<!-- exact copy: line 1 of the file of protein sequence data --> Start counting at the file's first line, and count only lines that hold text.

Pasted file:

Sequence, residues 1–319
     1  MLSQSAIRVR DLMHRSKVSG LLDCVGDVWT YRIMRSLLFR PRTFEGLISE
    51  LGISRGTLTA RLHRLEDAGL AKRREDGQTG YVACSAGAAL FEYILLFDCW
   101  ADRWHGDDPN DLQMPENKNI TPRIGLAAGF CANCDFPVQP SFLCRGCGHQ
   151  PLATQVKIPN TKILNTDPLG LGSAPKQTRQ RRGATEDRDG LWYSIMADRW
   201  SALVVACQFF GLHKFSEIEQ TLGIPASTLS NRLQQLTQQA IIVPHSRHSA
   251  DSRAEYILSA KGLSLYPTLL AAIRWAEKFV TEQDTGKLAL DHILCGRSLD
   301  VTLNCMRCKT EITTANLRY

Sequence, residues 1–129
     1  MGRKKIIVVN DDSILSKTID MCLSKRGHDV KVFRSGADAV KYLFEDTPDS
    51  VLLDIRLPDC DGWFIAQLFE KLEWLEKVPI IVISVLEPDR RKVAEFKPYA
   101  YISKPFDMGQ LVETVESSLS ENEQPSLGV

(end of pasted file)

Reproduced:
Sequence, residues 1–319